Isobelle Carmody, the acclaimed writer of science fiction, fantasy, children’s and young adult literature, presented an insightful workshop on authentic characters: voice, diversity and character arcs during Brisbane Writelinks Minifest on 11 August 2018.
She emphasised that the most important aspect of a novel, particularly in the young adult genre, is character. A story needs to encapsulate a central idea or question and the protagonist is used as the vessel to carry this idea or question. Isobelle revealed three important questions she often asks which helps to form her unique characters:
• Why do people do the things they do?
• Why do we act in such extreme ways?
• Where do these actions come from?
The seeds for the above are planted during adolescence which is why Isobelle is so drawn to characters in this age group. We, as human beings, react and make choices and take on persona’s to the outside world and so must our characters.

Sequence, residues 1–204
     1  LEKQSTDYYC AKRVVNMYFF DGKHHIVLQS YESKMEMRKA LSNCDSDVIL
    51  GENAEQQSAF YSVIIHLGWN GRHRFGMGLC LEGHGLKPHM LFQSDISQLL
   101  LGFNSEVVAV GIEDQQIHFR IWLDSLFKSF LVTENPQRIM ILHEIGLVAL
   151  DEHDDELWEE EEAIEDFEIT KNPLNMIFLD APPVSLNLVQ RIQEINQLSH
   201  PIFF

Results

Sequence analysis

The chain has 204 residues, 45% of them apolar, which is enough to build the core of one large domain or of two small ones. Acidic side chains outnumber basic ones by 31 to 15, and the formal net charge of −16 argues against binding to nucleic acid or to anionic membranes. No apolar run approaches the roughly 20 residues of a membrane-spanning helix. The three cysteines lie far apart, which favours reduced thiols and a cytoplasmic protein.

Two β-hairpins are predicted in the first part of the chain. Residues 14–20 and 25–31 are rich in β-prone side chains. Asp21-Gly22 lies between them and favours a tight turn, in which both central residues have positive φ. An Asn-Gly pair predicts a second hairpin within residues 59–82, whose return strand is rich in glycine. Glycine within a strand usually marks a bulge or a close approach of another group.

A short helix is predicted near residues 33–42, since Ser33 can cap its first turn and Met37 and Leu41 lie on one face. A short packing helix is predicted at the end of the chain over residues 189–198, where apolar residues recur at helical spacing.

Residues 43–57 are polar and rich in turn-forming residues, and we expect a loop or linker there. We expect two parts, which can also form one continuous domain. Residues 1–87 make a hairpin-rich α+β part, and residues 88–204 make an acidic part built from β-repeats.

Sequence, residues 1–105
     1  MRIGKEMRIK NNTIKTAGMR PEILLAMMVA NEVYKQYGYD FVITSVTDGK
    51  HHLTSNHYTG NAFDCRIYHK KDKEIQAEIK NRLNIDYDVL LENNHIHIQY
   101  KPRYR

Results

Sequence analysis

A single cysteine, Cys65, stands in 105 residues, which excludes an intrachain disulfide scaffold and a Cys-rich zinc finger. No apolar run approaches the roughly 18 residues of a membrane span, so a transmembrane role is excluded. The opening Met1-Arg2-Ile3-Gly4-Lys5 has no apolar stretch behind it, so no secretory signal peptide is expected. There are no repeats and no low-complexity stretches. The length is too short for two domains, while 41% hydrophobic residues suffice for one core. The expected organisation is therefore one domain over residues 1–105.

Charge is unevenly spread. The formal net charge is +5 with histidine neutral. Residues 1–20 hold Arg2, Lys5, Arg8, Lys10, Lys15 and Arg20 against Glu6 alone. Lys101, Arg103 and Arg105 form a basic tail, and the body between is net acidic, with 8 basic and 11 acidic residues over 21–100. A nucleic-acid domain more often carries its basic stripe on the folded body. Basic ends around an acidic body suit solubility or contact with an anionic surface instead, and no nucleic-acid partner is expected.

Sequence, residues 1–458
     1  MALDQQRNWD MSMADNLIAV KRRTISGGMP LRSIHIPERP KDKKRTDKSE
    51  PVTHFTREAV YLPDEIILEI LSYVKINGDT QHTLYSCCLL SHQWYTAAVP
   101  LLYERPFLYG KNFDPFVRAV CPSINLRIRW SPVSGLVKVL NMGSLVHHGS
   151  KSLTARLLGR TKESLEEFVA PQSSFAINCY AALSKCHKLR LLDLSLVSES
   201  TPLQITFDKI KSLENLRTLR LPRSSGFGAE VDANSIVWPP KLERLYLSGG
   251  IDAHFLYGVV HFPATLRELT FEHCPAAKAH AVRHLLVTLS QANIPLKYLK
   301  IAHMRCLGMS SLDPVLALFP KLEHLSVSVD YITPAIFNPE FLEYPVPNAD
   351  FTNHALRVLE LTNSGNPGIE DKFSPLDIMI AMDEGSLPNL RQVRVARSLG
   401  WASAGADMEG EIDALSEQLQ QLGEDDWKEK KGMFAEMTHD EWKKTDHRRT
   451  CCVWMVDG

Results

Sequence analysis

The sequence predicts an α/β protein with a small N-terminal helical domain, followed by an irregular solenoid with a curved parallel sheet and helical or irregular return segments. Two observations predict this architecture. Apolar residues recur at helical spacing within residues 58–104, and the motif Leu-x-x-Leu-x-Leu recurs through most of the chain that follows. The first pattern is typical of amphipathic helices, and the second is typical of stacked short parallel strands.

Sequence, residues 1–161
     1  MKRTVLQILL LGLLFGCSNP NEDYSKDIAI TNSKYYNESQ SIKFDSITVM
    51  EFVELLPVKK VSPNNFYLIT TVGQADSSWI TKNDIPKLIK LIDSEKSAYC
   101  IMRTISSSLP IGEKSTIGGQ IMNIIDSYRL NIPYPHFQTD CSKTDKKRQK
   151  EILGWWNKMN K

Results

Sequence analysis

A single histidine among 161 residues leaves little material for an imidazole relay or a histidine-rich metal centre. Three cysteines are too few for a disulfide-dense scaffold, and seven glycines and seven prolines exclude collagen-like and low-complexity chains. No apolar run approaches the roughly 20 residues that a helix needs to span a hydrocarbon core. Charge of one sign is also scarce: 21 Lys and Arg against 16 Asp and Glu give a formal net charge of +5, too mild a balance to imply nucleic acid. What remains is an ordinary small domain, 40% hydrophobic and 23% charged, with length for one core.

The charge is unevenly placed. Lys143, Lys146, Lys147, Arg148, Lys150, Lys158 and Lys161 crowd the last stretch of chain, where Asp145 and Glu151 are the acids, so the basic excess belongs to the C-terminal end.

“The first journey for an author is the journey inwards.” For Isobelle Carmody, this is how original and authentic characters and storytelling are created. It is not a projection outwards but a journey about the self and of self-discovery.
Isobelle revealed that she draws inspiration for characters from certain aspects of people she knows. She mines these aspects which allows her to ground her characters in a sense of realism even when her story takes on fantastical elements.
Isobelle, during her presentation, also stressed that setting is a character. For her first published novel, Obernewtyn, she formed the post-apocalyptic setting as a mirror for her grief and dark feelings at the time. Sadly, she lost her father during this time and she imbued her story and her characters with this sense of grief, malaise and darkness.
In the second half of the presentation, Isobelle passed around a series of photos. Each person took a photo and was asked do the following writing exercises, as a stream of consciousness:
• What is the person in the photo thinking?
• What do I believe in i.e. what are my values?
• What does the person in the photo believe?
• What would my “opposite” self believe?